Thursday 19 January 2017

15 arrested in terror cell swoops across Europe

Massimiliano Di Giorgio in Rome

Published 13/11/2015 | 02:30

Italy's national Carabinieri police led the investigation, with security forces in Italy, Britain, Norway, Finland, Germany and Switzerland taking part in the swoop.
Italy's national Carabinieri police led the investigation, with security forces in Italy, Britain, Norway, Finland, Germany and Switzerland taking part in the swoop.

Police in six European countries arrested at least 15 suspected members of an Islamist militant group that was planning attacks in Norway and the Middle East, according to police.

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They said the militants planned to strike Norwegian and British diplomats in the Middle East and politicians in Norway.

Police in Oslo said there had never been a "concrete or acute threat" against any Norwegian citizens or interests.

The early-morning raids targeted the Rawti Shax group, which police said was a Kurdish Sunni Muslim group dedicated to overthrowing the government of Iraq's Kurdistan region and replacing it with rule by sharia (Islamic law).

Italy's national Carabinieri police led the investigation, with security forces in Italy, Britain, Norway, Finland, Germany and Switzerland taking part in the swoop.

Criminal

"This was an incredibly difficult and complicated investigation that has been going on for five years," said prosecutor Franco Roberti, the head of Italy's anti-mafia and anti-terrorism unit.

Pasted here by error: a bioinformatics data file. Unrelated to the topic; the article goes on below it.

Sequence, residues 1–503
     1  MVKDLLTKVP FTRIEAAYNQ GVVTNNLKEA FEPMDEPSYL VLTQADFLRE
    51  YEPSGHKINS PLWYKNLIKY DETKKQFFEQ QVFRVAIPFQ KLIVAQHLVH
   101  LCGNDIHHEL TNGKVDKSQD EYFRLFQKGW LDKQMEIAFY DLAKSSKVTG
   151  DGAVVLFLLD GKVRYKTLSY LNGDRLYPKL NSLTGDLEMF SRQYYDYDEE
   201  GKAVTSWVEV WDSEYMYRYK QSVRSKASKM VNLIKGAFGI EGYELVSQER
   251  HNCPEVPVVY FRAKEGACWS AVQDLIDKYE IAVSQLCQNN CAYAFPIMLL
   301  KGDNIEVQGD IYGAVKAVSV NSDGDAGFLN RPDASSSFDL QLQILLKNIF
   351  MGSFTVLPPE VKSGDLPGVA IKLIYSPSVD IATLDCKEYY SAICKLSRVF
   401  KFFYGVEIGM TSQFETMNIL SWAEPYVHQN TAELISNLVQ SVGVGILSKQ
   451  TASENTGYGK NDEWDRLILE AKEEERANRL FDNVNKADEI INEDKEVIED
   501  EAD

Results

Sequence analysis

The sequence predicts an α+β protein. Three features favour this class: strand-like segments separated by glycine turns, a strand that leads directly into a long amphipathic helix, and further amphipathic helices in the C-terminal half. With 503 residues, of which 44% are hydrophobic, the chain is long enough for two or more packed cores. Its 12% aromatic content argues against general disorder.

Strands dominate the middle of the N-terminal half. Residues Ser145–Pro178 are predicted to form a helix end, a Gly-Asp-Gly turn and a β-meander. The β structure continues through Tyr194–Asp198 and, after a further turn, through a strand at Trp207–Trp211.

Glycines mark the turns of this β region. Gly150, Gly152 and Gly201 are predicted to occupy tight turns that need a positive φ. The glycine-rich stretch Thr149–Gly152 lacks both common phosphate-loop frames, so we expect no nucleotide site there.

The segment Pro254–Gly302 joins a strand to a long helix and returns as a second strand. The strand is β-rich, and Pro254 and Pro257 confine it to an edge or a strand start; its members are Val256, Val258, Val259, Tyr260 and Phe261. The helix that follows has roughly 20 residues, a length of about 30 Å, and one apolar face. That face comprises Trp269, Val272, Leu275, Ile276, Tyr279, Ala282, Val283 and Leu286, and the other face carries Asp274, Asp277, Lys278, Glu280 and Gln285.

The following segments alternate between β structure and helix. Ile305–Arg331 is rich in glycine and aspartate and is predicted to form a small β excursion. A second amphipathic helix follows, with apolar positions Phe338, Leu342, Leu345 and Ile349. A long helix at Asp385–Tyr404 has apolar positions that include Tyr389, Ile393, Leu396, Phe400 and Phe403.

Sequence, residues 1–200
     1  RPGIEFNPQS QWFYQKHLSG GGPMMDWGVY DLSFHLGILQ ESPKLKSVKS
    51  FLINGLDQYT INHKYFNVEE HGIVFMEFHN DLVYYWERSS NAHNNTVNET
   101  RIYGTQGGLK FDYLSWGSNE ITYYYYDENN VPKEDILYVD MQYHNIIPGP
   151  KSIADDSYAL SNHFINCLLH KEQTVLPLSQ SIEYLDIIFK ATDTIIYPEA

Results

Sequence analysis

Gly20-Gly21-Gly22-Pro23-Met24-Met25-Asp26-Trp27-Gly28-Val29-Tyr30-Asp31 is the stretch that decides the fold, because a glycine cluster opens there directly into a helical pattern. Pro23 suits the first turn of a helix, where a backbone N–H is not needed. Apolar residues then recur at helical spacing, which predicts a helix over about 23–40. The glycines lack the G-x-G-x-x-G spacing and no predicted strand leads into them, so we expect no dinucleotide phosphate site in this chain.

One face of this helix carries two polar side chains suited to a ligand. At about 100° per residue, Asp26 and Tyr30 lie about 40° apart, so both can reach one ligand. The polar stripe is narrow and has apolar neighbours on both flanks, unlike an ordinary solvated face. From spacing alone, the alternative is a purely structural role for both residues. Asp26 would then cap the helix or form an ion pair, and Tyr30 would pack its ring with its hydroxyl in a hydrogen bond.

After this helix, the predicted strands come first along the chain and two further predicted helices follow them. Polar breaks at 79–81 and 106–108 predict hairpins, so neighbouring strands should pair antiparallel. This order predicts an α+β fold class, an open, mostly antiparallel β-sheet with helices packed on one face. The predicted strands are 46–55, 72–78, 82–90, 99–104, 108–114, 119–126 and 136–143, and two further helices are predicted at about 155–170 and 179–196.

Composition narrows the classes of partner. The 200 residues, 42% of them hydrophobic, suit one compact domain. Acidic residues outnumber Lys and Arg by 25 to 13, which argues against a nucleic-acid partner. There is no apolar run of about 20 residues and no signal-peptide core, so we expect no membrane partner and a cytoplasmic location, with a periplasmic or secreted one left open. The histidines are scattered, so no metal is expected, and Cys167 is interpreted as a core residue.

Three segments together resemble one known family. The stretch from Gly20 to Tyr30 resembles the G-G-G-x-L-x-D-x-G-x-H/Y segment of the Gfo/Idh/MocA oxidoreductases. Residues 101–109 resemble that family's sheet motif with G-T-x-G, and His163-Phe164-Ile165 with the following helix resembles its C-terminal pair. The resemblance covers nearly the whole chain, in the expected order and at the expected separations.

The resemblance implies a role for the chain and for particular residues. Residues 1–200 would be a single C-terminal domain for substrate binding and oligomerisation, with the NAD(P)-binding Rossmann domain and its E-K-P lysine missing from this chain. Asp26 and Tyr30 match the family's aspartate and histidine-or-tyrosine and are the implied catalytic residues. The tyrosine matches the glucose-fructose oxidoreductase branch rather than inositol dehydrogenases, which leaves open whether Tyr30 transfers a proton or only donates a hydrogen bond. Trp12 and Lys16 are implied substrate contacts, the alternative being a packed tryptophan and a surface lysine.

A total of 17 arrest warrants were issued, almost all for Iraqi Kurds, and 15 suspects were picked up immediately. One of those wanted was believed to be in Iraq, while it was not yet clear whether another suspect had been found in Switzerland.

All of them face international terrorism charges, Italian police said.

Among those detained was Mullah Krekar, the one-time leader of the Ansar al-Islam militant group. He was served the arrest warrant in a prison in Norway, where he was already serving an 18-month term for making death threats against a Kurdish man and encouraging others to commit criminal acts in a TV interview.

Krekar went to Norway as a refugee in 1991 and had earlier been deemed a threat to national security. However, Norwegian authorities did not expel him to Iraq because authorities there could not guarantee that he would not be executed.

Italian investigators said Rawti Shax, which means 'The New Course', was rooted in Europe, with cells communicating via the internet and providing logistical and financial support to send fighters to Syria and Iraq.

Irish Independent

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